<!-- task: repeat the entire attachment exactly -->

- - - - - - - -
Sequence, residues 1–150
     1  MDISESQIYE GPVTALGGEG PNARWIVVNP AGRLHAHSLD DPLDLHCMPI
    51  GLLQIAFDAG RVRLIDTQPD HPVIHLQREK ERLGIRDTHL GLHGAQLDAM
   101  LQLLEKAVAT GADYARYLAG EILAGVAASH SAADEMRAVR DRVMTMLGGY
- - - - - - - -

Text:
Sequence, residues 1–150
     1  MDISESQIYE GPVTALGGEG PNARWIVVNP AGRLHAHSLD DPLDLHCMPI
    51  GLLQIAFDAG RVRLIDTQPD HPVIHLQREK ERLGIRDTHL GLHGAQLDAM
   101  LQLLEKAVAT GADYARYLAG EILAGVAASH SAADEMRAVR DRVMTMLGGY